Currently viewing the tag: "Moon"

The commonly accepted theory among scientists concerning Moon formation could be altered by a new study of lunar isotopes. (Variations of elements containing differing amounts of neutrons).

Luna Credit: NASA

Nearly half of the Moon was postulated to be from Theia, a planetary body, thought to have collided with Earth four point five billion years ago. The recent study by Junjun Zhang, an isotope geo-chemist at the Chicago Center for Cosmo-chemistry and his team challenged this premise. Initially, an analysis of twenty-four rocks from the lunar surface revealed a paucity of indications concerning similarities between the Moon and Earth. However, the group failed to consider the effect of cosmic rays, streams of charged particles racing through space. After amending their research on the Moon’s isotopes of titanium, they found its ratio to be in the ballpark of our planet’s chemistry.

The unlikelihood of Theia’s chemistry being nearly identical to the Earth prompted scientists to reconsider their model. They theorized, perhaps the planetary body collided and caused more joining of debris than previously suggested. This could infer, the majority of Theia’s constitution is hidden deep within the Moon, while Earth’s composition lays conspicuously on the surface.

Suggestions of a collision between a dual moon systems arose as well, inferring that one of our past satellites had a chemistry similar to the Earth. Scientists cannot know for sure, whether their ideas are correct or not, they are still theories. However, the research team plans on conducting more experiments on the isotopes of different elements found on the Moon.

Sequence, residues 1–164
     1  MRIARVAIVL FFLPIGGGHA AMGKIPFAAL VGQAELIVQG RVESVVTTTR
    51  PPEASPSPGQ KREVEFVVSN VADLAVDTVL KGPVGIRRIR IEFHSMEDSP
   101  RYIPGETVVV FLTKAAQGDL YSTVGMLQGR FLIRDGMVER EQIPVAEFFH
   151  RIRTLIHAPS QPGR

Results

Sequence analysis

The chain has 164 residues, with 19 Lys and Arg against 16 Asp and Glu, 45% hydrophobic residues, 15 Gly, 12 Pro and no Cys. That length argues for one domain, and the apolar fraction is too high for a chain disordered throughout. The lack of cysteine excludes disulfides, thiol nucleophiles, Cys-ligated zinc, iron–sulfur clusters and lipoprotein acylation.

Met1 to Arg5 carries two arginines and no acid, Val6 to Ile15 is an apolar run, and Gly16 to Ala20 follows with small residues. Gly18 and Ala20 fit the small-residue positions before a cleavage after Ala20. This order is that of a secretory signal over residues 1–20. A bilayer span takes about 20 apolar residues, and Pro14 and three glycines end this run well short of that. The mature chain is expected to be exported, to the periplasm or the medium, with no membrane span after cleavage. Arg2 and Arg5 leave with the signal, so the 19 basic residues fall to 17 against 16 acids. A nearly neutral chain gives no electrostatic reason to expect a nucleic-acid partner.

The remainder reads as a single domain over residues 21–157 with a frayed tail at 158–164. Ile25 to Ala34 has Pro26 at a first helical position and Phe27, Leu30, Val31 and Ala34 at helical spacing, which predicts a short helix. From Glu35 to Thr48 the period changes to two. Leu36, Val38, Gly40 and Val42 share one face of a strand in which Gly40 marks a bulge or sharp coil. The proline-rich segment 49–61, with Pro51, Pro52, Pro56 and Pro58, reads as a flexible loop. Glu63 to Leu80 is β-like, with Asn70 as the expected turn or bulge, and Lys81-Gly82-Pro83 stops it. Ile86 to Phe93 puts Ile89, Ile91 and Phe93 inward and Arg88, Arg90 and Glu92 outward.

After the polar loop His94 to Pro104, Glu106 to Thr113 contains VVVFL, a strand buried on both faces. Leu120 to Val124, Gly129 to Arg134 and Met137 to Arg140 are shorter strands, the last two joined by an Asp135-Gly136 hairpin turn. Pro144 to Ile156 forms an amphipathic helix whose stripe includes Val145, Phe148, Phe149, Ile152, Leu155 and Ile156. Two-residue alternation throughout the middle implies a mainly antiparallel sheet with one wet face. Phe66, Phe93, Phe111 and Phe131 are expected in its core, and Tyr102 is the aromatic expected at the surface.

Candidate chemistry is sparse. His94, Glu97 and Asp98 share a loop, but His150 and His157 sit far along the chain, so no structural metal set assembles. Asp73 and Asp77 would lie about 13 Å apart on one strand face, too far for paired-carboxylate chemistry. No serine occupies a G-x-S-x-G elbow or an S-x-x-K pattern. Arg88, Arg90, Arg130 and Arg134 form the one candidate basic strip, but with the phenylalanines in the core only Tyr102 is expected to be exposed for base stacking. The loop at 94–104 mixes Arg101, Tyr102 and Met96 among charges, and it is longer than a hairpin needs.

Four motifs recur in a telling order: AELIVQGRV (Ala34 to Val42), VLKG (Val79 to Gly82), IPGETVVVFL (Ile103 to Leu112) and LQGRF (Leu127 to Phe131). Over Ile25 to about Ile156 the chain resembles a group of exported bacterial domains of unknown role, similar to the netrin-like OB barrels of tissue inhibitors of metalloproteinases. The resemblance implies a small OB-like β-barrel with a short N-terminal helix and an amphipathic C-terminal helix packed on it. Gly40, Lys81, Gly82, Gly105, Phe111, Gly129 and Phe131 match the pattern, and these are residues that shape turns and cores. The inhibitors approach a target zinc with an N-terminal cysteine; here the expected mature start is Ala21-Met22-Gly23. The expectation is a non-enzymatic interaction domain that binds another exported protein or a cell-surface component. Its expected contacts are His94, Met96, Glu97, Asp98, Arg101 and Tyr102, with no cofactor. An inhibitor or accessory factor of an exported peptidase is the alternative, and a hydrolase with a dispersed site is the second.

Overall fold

You can read more about these findings at http://news.yahoo.com/moon-formation-theory-challenged-study-160608598.html

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NASA’s twin lunar orbiters, GRAIL-A and GAIL-B  (Gravity Recovery And Interior Laboratory) have successfully entered lunar orbit.

Artist's impression of the twin GRAIL orbiters in lunar orbit Credit: NASA/JPL

The two probes which are designed to precisely map the moon’s gravity field, entered orbit on New Years Eve and New Years Day, with GRAIL-A arriving just ahead of her sister probe.

The twin orbiters were launched on September the 10th 2011, and are expected to commence an 82 day primary science phase in March 2012.  The data from the orbiters should allow scientists to gain a far deeper understanding of the moon’s internal structure by detecting tiny variations in the strength of the moon’s gravity indicating regions of higher and lower density.

The mission is predicted to increase the accuracy of our lunar gravity field maps by somewhere between 100 and 1000 times, exposing features that have currently escaped detection.

The mission is part of NASA’s Discovery program which also includes, Dawn, MESSENGER and Kepler.

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If you are lucky enough to have clear skies tonight you may want to take a look up and admire the Moon and Jupiter tonight.

The two have been close in the sky for a few days allowing for some wonderful shots of both.

The full moon tonight promises to make the spectacle all the more stunning. You can see them throughout the night with the pair at their closest during the early evening GMT.

Luna and Jupiter Credit: Dr. Sammy Clark

They are visible in the eastern sky with Jupiter to the right of the moon (as seen in the Northern hemisphere).

So take a few minutes and look up, if you mange to take a few shots and would like to have them featured here, you can send them to us via www.youngastros@gmail.com or post them on our forum and who knows you might see your image here in the near future.

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